I finished Happy Birthday, pattern #6 in the Anniversaries of the Heart series. This sampler is dedicated to my paternal grandparents. My Grandpa died when I was only 6 months old. My Grandma died right after I turned one year old. Here is their wedding picture. Isn't this fantastic?
|(One over one on 25ct cream Dublin linen)|
And the really obvious change?! HA! Out with the birds, in with the poodles! I put in two Mabels in Pink Hill Manor. I put in two Henrys in Happy Birthday. How do you like that?!? Personally, I LOVE it!💕
Okay, tied with my favorite Maisie Dobb books, is this book for best book I read this year. Hotel on the Corner of Bitter and Sweet by Jamie Ford is sooooo good! You should read it. There. That is all I need to say.
In the opening pages of Jamie Ford’s stunning debut novel, Hotel on the Corner of Bitter and Sweet, Henry Lee comes upon a crowd gathered outside the Panama Hotel, once the gateway to Seattle’s Japantown. It has been boarded up for decades, but now the new owner has made an incredible discovery: the belongings of Japanese families, left when they were rounded up and sent to internment camps during World War II. As Henry looks on, the owner opens a Japanese parasol.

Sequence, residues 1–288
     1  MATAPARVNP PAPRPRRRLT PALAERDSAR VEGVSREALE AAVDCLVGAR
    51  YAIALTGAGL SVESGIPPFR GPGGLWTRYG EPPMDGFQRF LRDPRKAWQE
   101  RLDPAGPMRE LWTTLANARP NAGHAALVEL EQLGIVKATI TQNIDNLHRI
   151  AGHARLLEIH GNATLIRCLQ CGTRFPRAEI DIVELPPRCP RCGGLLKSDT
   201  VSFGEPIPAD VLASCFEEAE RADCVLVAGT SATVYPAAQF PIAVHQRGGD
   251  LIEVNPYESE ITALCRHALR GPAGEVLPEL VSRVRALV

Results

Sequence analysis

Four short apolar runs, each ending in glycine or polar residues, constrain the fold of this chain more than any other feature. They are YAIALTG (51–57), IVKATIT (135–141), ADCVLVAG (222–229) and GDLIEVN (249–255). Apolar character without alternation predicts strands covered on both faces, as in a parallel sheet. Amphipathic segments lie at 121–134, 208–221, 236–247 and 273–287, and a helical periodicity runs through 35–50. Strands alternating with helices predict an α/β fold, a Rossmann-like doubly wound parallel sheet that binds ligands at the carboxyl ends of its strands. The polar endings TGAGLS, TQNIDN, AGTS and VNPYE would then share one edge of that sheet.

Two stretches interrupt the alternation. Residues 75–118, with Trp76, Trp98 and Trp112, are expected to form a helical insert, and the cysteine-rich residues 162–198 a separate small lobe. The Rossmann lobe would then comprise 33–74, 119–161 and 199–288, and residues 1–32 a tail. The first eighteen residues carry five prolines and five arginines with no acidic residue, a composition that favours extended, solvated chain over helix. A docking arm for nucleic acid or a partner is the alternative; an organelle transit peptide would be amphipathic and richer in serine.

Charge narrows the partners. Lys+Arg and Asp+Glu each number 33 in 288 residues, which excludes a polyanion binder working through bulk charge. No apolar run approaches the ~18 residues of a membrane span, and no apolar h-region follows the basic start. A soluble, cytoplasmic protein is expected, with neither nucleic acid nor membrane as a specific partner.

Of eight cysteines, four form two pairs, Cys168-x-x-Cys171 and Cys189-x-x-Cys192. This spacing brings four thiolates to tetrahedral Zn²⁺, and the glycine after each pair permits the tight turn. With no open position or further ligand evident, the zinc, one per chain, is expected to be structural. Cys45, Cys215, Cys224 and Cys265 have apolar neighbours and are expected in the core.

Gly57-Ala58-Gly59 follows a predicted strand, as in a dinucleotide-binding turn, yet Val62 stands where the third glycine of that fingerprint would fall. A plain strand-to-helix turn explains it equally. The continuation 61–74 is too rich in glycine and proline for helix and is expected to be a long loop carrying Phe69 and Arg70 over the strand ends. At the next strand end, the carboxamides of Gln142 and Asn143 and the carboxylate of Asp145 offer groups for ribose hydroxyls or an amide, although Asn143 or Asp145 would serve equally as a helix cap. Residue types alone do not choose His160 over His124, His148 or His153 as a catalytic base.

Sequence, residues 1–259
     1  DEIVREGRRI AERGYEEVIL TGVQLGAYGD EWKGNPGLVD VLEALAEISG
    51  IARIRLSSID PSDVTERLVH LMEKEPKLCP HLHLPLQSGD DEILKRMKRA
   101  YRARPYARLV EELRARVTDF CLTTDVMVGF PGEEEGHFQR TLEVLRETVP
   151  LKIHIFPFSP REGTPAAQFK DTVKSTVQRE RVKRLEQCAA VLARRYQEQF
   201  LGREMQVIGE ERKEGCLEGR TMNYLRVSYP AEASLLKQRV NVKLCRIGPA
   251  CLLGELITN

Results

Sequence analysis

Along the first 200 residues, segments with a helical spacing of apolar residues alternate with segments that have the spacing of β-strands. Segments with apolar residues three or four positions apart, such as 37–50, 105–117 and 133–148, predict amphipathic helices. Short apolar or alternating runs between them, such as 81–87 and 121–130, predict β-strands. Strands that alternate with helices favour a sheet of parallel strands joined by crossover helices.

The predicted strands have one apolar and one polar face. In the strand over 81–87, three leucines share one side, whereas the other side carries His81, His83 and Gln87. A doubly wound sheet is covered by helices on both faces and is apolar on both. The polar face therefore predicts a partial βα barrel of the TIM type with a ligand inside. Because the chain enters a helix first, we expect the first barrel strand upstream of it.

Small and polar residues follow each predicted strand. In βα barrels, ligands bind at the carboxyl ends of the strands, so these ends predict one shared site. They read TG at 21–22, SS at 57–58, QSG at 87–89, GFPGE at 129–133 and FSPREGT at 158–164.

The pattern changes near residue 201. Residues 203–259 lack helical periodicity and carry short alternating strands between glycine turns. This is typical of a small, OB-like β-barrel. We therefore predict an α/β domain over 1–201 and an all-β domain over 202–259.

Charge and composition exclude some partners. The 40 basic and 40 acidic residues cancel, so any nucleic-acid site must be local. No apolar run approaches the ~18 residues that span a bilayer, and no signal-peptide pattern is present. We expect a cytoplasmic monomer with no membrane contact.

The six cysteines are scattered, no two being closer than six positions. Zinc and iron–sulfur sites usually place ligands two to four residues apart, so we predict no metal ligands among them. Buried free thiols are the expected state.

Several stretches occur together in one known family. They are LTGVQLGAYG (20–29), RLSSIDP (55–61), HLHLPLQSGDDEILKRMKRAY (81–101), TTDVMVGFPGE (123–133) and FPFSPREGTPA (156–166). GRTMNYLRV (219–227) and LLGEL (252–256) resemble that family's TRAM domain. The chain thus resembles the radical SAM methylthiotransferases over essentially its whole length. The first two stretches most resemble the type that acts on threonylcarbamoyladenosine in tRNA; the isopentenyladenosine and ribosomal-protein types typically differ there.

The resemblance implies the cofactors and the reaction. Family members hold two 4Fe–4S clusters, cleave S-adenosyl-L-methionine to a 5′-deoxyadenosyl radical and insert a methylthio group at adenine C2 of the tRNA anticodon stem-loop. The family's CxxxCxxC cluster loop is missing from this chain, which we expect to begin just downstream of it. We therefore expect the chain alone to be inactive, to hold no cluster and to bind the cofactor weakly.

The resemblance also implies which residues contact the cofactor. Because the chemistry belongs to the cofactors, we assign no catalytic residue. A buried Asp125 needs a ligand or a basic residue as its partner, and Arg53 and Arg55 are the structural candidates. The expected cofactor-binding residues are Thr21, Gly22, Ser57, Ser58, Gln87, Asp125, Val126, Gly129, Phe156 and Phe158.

This simple act takes old Henry Lee back to the 1940s, at the height of the war, when young Henry’s world is a jumble of confusion and excitement, and to his father, who is obsessed with the war in China and having Henry grow up American. While “scholarshipping” at the exclusive Rainier Elementary, where the white kids ignore him, Henry meets Keiko Okabe, a young Japanese American student. Amid the chaos of blackouts, curfews, and FBI raids, Henry and Keiko forge a bond of friendship–and innocent love–that transcends the long-standing prejudices of their Old World ancestors. And after Keiko and her family are swept up in the evacuations to the internment camps, she and Henry are left only with the hope that the war will end, and that their promise to each other will be kept.
Forty years later, Henry Lee is certain that the parasol belonged to Keiko. In the hotel’s dark dusty basement he begins looking for signs of the Okabe family’s belongings and for a long-lost object whose value he cannot begin to measure. Now a widower, Henry is still trying to find his voice–words that might explain the actions of his nationalistic father; words that might bridge the gap between him and his modern, Chinese American son; words that might help him confront the choices he made many years ago.
Set during one of the most conflicted and volatile times in American history, Hotel on the Corner of Bitter and Sweet is an extraordinary story of commitment and enduring hope. In Henry and Keiko, Jamie Ford has created an unforgettable duo whose story teaches us of the power of forgiveness and the human heart.
Stitching and praying,